As a Board Member and a CISO, we frequently engage with company leadership across sectors
on cybersecurity and technology risk. In these engagements, it is clear that cyber is top of mind for
As such, we thought it would be timely to share our perspective on how the Board can best address
cybersecurity and risk along with ways to take a moreproactive role in these areas – now and in the future.
One lesson we’ve learned is that Board awareness and subsequent guidance in this area is absolutely
critical to every organization’s long term success.
When we engage on these issues, Board members often ask: what types of conversations should we
be having about cybersecurity and what types of questions do we need to be asking our C-Suite?
The answer is that Boards should work to ensure that security management teams inventory critical
assets and business processes, convey top risks and mitigations (and measure their success), and
communicate accepted residual risk. Above all, Boards, CEOs and other executives should ask probing
questions about technology and digital capability, not just review what are often lagging indicators of cyber performance.
To help with this effort, we’re releasing the first edition of the Google Cybersecurity Action Team’s
Perspectives on Security for the Board report. This report series is intended to help Board members
sharpen their cybersecurity knowledge – including how to address cyberattacks and understand how
likely they are to impact their organization – and prepare them for potential regulatory obligations.
In this inaugural report, we (1) cover the Board’s roles and responsibilities in cyber risk oversight; (2) provide guidance on how Boards should navigate the cyber threat landscape; and (3) explain how Boards should engage on emerging issues surrounding artificial intelligence (AI) and cybersecurity. We hope you find it informative and look forward to connecting with you more on these important topics.
Betsy Atkins (Chairman, Google Cloud Advisory Board) Phil Venables (CISO, Google Cloud)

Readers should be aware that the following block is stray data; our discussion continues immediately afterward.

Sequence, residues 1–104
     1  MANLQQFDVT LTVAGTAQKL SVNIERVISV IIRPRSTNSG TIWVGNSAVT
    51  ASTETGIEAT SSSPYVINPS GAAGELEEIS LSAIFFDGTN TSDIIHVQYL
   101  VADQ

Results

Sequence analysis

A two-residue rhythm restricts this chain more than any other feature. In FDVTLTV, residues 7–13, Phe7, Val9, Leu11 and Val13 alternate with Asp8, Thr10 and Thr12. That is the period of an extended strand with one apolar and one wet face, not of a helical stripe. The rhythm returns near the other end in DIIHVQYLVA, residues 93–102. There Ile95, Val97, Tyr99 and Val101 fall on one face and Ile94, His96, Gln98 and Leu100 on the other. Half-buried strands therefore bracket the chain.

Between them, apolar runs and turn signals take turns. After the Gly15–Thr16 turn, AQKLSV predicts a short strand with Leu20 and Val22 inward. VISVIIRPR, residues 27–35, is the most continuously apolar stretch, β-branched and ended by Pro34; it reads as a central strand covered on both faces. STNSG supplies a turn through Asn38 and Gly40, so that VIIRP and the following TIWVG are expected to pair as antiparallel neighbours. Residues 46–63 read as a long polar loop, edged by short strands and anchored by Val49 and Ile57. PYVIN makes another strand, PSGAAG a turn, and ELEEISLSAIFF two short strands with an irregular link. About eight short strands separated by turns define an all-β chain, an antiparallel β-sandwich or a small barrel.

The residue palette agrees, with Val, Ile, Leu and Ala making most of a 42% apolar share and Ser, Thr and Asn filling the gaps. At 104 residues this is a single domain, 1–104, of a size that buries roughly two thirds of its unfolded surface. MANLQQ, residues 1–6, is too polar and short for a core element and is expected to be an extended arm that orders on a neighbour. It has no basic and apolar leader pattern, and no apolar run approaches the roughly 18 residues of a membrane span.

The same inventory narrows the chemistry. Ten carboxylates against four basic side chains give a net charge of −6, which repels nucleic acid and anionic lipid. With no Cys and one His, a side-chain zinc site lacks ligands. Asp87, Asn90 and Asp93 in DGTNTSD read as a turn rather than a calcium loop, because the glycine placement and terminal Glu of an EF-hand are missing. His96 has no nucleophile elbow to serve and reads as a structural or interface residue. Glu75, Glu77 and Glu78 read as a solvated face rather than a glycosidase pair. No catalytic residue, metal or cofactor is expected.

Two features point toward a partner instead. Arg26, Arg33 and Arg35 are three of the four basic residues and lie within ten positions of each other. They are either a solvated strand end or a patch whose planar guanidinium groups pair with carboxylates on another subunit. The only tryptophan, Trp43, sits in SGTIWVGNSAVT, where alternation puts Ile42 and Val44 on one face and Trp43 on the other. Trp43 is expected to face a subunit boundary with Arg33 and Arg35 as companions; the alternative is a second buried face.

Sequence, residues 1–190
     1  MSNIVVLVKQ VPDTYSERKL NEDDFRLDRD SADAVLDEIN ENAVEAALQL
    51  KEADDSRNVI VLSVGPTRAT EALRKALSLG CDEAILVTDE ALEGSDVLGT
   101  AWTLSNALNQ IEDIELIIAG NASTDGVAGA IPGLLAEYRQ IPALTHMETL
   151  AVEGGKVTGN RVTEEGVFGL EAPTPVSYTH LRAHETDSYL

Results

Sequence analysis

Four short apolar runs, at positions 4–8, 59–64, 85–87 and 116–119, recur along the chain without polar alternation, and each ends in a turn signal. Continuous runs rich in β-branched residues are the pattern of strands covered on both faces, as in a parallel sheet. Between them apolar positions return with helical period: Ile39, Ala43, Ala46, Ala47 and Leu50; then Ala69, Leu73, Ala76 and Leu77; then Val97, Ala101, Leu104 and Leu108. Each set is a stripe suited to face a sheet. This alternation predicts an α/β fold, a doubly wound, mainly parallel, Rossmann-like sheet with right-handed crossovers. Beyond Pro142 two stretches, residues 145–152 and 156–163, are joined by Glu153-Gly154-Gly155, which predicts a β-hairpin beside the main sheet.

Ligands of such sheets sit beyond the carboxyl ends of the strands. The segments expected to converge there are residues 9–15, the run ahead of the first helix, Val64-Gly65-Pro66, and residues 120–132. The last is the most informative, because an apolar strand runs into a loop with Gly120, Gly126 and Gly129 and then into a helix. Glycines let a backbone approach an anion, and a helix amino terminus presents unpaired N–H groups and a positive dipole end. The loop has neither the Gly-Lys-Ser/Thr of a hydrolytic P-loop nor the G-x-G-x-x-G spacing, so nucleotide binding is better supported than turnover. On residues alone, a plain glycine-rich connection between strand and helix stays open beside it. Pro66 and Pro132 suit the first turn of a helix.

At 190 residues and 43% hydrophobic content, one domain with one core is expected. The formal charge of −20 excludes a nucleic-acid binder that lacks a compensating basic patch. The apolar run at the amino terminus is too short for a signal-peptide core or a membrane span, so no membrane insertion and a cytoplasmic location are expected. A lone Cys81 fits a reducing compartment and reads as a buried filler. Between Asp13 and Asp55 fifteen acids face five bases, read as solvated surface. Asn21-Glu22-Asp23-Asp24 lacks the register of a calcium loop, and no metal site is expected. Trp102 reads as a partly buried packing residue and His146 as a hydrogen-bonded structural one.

The Board’s Role in Cyber Risk Oversight
Cyber-related risk remains one of the top concerns facing organizations today. Addressing cyber risk is
a challenge for nearly any company and its Board, so it is increasingly important for Board members
to conduct relevant oversight and help guide risk management priorities. Governments globally are
increasingly implementing regulatory measures to raise compulsory cybersecurity baseline standards,
including requirements to report cyber incidents to the relevant government authorities. In recent weeks,
we’ve seen two such initiatives from the U.S. Securities and Exchange Commission, which contain hundreds of pages of proposed rules on cybersecurity, incident reporting, and systems integrity.
To be effective, Boards should view cyber risk through the lens of overall business risk. This requires that
Boards integrate cybersecurity and resiliency into their business strategy, risk management practices,
budgeting, and resource allocation to underpin that cyber risk is everyone’s responsibility.
The National Institute of Standards and Technology (NIST) Cybersecurity Framework (CSF) (CSF) can
be a useful tool for Boards when thinking about cybersecurity. The NIST CSF is designed for use across
multiple industries of different sizes, and provides a structured way and a common taxonomy for Boards
to have more impactful discussions with their CISO and cybersecurity teams. What the NIST CSF and
other frameworks can do is enable us through their structures to achieve better cybersecurity outcomes.
The Framework is made up of five functions – Identify, Protect, Detect, Respond, and Recover.